I know the self-portrait Matt Farley constructs in Local Legends to be true to life, because the second we (a lowly, amateur film blog from over a thousand miles away) posted reviews of Don’t Let the Riverbeast Get You! & Monsters, Marriage, and Murder in Manchvegas, he was retweeting & promoting them to his dedicated audience of Motern converts and sending us personalized thank you notes. I also know it to be true because I recognize my own life in small-scale art projects (from this blog to long-forgotten punk bands to my dead-end college degree in poetry) in the minor joys & embarrassments that are depicted in all their naked honesty here. No matter how shameless my self-promotion of Swampflix can get or how pointless it may seem to anyone outside my immediate circle, however, I’ve only experienced a microscopic taste of Farley’s commitment to building Motern by hand over the last two decades. There’s a wisdom to Local Legends’s cynicism about the virtue of True Art™. It boasts an ingenious shrewdness on how to sustain D.I.Y. media projects over long periods of time by connecting with your audience on a direct, personal level and having no shame in seeking minor financial victories. As much as I can laud the film for being wise, insightful, and admirably honest in its melancholic self-awareness, however, its real selling point is that it’s damn funny. Matt Farley’s art nimbly avoids potential “so bad it’s good” mockery in all of his Motern output by being so deliberately silly & wholesomely earnest that you’d be missing the point entirely by laughing at it. Local Legends confirms that having (and documenting) good-natured, harmless fun with family & friends is most of what he’s seeking to accomplish with Motern and that he’s well-aware of how silly the pictures appear to outsiders. It also confirms that Farley is a genuinely, naturally funny person. He starts the movie delivering punny, Neil Hamburger-style one-liners in a sparsely attended, laughs-light stand-up set, but also peppering the frivolity of that humor with harshly self-depreciating jokes like “I had to break up with my girlfriend because we had nothing in common. For instance, she really likes me and I hate myself.” He then launches into a song about Scarlet Johannsen’s farts, which the audience eats up with an enthusiasm they don’t afford those more artfully constructed, personal observations, which is a perfect sample of the D.I.Y. art project Hell Matt Farey details for the rest of the film to follow.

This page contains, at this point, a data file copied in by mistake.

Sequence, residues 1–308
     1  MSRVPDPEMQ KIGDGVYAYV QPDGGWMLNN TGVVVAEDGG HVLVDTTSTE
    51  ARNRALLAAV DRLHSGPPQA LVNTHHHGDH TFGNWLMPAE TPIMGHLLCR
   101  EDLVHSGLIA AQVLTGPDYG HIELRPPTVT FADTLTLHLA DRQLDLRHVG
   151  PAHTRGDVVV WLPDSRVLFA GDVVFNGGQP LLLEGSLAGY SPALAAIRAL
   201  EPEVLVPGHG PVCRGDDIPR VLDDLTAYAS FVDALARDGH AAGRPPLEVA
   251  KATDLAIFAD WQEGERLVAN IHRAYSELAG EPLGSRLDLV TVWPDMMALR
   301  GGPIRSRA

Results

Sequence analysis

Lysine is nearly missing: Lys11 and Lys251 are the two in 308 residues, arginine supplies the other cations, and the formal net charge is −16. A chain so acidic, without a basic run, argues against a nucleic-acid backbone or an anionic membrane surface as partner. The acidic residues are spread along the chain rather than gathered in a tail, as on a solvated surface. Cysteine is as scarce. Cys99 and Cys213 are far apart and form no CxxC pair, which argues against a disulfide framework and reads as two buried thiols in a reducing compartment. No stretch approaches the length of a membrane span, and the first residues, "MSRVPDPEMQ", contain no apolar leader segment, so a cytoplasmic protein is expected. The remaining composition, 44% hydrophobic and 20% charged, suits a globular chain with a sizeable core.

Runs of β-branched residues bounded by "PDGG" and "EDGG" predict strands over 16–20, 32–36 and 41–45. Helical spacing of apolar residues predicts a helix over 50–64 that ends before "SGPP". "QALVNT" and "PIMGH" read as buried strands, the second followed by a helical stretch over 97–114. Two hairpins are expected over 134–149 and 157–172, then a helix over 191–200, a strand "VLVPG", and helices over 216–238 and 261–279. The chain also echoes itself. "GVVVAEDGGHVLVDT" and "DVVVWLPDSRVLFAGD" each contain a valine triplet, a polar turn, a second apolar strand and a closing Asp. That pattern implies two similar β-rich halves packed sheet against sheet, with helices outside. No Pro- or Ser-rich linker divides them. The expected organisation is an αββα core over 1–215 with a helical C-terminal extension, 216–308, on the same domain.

I’ve been telling anyone who’ll listen in recent weeks that I’ve been obsessed with the impossibly niche world of a backyard filmmaker from New England, but I’ve also been struggling to recommend how they can best join in the fun. Monsters, Marriage, and Murder in Manchvegas & Don’t Let the Riverbeast Yet You! were stand-out titles I could cite as favorites of his backyard horror comedies, but it isn’t until you fully sink into his catalog, taking in years of development over multiple films and sampling dozens of extratextual novelty songs, that the full significance of those crown jewels becomes clear. That’s a lot to ask of someone who’s likely never heard of Matt Farley before, especially in an era where it’s difficult to successfully recommend even a minutes-long YouTube clip. In that way, Local Legends is a godsend. It summarizes everything that is wonderful, daunting, immense, and trivial about Matt Farley as an outsider artist in a single 70min morsel – twenty years of unfathomable dedication to obsessive pet projects made digestible in just over an hour’s time. Miraculously, that infomercial style self-review of Farley’s back catalog also stands as his most substantial, rewarding work to date – a weirdly philosophical meta-commentary on what it looks like to make underseen, underappreciated art in the internet age. We live in a time where it’s more affordable to produce & publish movies & music than it ever has been before, which means that there are so many amateur voices in the game it’s near impossible to get noticed, even for someone as naturally entertaining as Matt Farley. Local Legends captures the essence of Matt Farley & Motern Media, but it also captures the current state of online self-publishing at large and, by extension, what self-funded D.I.Y. art projects look like in the 2010s. If Matt Farley ever “makes it big,” it will be because of decades of stubborn dedication & repetition, a ton of hard work for potentially very little reward. It almost doesn’t matter whether or not that happens, though, because he’s already delivered his masterpiece in Local Legends, a movie of and about our time in amateur pop culture.
5 thoughts on “Local Legends (2013)”